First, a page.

Sound — 9
Being consistent innovators of the rock genre, 1969's "Led Zeppelin II", the band's sophomore LP, hit hard. With raging blues-induced spitfires mixed with softer and quieter comfortable numbers, the album no doubt became a stepping stone for later 1970's hard rock acts. Heavily blues-driven songs like "Whole Lotta Love", "The Lemon Song", "Heartbreaker", "Living Loving Maid", and "Bring it On Home" give an even older-school feel than was present on the album's predecessor, Led Zeppelin I. Still, as much as that rocks, a few slower and more pleasant numbers are thrown into the mix, such as the alternating soft-hard "What is and What Should Never Be", the easy-going ballad "Thank You", and one of Zeppelin's best tunes, "Ramble On", which contains the famous Lord of the Rings references to Gollum and Mordor. Though the album sure has a lot of thematic variety, it doesn't skimp on the instrumental end of things. It's clear song after song that each member is present. Page shines through with his mesmerizing guitar work on "Whole Lotta Love" and "Heartbreaker" (arguably two of his coolest solos), with incredible rhythm work to go along. Plant has the amazing ability to muster up fascinating blues-style vocals on "The Lemon Song" or "Bring it on Home", but he also has some wonderful softer vocals, that are very evident on the magnificent "Thank You". Jones, the astounding multi-instrumentalist, takes bass guitar on all the tracks here, and even throws in the classic keyboard too. The bass line for "Heartbreaker" is arguably the most pounding bass line in all of rock music, while his keyboard work on "Thank You" shows the man's sheer musical genius. And, how could I forget John Bonham? He gets a full 4 minute drum solo on the album's penultimate number, "Moby Dick"; although the album version barely surpasses satisfactory, some of his live performances of the song are simply mesmerizing. He also gets a sweet drum interlude in the mystic middle section of "Whole Lotta Love". So, it's apparent that every member contributed immensely to this album. Led Zeppelin does its best at utilizing every aspect of their sound, and Led Zeppelin II is a pretty good example of that.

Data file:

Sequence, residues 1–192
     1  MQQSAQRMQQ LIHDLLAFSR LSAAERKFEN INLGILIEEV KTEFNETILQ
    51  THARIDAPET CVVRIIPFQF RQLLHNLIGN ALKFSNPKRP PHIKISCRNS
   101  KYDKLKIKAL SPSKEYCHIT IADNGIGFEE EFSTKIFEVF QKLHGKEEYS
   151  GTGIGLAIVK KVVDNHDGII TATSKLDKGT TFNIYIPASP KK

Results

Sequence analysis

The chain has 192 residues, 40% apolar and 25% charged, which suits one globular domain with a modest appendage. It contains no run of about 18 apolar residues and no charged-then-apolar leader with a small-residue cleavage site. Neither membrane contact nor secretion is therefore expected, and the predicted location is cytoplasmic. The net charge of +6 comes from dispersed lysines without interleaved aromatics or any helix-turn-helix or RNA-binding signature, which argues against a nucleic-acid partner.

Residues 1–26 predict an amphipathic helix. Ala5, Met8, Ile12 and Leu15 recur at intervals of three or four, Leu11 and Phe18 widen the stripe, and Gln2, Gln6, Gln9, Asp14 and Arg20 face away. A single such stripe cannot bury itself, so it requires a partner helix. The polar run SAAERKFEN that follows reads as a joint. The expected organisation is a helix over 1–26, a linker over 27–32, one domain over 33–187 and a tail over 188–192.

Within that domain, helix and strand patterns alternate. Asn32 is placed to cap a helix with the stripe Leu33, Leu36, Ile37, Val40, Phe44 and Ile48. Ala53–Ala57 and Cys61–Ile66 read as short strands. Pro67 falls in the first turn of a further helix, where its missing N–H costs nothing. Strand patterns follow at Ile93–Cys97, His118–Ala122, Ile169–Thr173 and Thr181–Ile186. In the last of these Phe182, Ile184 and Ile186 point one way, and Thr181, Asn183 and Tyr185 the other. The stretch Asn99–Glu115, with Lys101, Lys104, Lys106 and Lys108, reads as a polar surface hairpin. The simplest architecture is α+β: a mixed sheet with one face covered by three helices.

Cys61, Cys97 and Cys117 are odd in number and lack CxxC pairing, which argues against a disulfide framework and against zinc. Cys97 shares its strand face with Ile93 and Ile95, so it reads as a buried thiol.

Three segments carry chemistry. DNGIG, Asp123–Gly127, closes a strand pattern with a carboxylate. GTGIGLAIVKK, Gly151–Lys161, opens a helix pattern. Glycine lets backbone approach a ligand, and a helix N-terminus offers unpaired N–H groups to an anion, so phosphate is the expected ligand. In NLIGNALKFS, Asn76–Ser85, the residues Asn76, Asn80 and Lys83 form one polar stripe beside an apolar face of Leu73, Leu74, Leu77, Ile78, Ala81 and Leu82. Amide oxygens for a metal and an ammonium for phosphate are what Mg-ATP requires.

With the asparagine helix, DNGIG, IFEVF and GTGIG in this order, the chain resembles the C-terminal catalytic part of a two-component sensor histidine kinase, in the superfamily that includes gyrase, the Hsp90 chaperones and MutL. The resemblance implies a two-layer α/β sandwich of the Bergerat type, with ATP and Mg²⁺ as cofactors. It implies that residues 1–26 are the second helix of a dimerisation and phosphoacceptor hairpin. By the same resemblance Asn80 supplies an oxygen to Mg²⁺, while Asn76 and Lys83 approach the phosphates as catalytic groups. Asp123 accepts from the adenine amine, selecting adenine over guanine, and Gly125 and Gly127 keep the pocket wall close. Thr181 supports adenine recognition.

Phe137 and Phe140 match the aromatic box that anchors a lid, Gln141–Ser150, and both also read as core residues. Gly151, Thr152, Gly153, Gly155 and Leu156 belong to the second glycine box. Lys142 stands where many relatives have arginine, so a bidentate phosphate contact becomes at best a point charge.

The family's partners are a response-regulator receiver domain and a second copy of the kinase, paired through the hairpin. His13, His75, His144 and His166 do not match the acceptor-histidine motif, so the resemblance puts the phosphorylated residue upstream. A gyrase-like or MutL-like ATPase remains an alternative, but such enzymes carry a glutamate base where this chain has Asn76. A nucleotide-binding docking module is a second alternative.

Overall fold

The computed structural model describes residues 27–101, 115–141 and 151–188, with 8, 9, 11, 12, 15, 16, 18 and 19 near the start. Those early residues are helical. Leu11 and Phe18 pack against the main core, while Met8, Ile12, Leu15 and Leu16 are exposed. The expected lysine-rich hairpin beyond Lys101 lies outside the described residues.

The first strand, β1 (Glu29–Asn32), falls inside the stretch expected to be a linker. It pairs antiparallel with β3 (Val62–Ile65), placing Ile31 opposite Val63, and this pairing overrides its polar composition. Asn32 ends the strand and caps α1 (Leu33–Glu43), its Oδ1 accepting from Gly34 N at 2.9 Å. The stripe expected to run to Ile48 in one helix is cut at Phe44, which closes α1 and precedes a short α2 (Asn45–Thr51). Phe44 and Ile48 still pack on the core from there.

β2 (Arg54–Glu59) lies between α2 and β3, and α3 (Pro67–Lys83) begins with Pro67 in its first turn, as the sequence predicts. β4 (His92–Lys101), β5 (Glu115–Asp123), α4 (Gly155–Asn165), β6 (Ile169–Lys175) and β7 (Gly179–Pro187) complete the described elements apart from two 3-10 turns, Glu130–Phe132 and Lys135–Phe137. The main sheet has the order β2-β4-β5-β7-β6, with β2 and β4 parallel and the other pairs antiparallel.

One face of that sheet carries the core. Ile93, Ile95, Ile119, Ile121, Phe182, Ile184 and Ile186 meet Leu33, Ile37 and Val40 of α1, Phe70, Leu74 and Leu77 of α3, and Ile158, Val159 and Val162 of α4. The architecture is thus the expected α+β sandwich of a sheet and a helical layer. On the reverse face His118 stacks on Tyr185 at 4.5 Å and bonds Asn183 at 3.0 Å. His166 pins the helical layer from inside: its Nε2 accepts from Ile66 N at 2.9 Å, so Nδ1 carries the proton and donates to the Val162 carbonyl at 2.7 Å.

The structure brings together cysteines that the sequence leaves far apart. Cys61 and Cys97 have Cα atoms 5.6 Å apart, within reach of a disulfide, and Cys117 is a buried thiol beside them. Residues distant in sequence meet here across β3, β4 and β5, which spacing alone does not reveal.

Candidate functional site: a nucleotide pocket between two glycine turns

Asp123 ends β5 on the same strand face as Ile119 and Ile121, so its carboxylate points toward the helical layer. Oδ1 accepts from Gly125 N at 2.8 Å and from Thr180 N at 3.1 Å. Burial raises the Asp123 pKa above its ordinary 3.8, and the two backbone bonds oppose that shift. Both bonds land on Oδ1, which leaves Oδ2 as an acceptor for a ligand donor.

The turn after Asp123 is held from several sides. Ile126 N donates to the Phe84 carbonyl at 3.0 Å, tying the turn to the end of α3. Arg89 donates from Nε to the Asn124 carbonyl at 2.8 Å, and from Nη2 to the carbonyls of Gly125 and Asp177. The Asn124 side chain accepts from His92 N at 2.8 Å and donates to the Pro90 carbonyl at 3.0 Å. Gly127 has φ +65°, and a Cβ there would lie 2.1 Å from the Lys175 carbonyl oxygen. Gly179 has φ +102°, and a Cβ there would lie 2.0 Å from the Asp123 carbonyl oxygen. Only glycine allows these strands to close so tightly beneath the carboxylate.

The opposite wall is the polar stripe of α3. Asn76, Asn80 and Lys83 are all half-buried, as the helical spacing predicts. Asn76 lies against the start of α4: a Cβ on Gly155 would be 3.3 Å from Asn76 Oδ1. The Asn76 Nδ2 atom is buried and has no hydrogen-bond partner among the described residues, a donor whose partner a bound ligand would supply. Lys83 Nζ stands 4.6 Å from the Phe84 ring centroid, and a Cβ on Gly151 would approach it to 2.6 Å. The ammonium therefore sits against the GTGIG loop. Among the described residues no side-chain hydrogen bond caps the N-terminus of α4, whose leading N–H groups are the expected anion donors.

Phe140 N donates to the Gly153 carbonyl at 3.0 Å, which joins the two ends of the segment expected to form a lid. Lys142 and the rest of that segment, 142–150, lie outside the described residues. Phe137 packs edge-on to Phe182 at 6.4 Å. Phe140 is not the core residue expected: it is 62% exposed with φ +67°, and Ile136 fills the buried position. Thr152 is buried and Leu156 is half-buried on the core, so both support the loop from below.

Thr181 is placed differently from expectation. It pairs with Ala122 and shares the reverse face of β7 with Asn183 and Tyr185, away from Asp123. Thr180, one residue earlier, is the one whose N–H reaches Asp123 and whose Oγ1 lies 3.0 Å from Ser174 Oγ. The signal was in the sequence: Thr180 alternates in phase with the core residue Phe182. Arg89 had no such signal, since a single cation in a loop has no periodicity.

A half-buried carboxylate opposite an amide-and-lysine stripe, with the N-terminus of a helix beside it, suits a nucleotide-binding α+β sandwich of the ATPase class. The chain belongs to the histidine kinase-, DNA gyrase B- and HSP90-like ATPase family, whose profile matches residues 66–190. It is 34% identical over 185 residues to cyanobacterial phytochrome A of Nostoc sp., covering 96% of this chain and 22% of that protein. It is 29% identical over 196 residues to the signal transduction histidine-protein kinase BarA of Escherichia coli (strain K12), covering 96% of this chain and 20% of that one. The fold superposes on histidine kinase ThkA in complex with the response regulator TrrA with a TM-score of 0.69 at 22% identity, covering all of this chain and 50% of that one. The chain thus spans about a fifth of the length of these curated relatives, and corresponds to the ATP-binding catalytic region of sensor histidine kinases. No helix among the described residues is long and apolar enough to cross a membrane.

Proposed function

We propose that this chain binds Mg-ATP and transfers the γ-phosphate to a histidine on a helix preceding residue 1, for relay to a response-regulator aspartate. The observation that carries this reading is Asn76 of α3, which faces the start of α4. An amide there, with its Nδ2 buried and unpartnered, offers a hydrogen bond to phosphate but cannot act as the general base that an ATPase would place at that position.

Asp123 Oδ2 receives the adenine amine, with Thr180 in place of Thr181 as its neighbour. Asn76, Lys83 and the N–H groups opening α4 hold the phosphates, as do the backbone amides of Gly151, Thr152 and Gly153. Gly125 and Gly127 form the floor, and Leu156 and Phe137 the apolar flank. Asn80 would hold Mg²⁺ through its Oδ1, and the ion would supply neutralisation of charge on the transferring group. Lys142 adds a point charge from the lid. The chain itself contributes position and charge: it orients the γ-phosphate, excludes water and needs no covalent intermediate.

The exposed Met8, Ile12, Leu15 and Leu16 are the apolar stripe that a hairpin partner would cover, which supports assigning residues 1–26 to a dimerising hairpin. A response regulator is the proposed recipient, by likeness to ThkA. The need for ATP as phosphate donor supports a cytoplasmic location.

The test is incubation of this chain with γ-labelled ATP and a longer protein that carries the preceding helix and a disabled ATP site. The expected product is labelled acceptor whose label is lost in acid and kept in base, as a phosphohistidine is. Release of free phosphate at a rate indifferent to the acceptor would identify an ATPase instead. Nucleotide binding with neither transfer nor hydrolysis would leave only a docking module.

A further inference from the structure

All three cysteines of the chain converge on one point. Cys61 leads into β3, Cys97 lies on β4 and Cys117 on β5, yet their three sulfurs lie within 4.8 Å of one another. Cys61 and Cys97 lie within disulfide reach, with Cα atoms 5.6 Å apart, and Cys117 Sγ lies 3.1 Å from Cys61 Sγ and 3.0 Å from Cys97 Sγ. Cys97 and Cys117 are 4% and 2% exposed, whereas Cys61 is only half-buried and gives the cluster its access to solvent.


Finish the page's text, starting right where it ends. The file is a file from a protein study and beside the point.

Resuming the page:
Lyrics — 8
Lyrically, the album's a genuine mix. With the blues songs come bluesier, albeit less thought-out, lyrics. Although this works out quite well! Certain blues-like lines like "Squeeze my lemon 'til the juice runs down my leg" or "I'm gonna give ya every inch of my love", for example, turn out to be some of the most memorable lines of the album. Not to mention they contribute well to the album's massively blues atmosphere. On the contrary, though, other songs take a drastic turn. "Thank You" is a ballad about loving a woman forever and ever, and has some of the most touching lyrics on the album. "Ramble On" contains passages that tell the tale of autumn approaching, and how Plant would like to stay but he simply must continue to, as the title suggests, ramble on. It just seems like Zeppelin have the ability to make the lyrical content match the mood of the songs so perfectly. I don't know, maybe I'm just a hopeless fanboy.
Overall Impression — 10
Overall, though I wouldn't put the album in my top 5 favorites, it still stand high among most other Zep albums (and rock albums in general, for that matter). It's definitely the bands most "rocking" release, and is probably the reason why so many metal fans consider it to be the band's best. Though I personally disagree with this, I can agree with the fact that the album's mega-riffage, pounding drum + bass lines, and rough n' raw vocals, make it a definite must-have for all rock fans.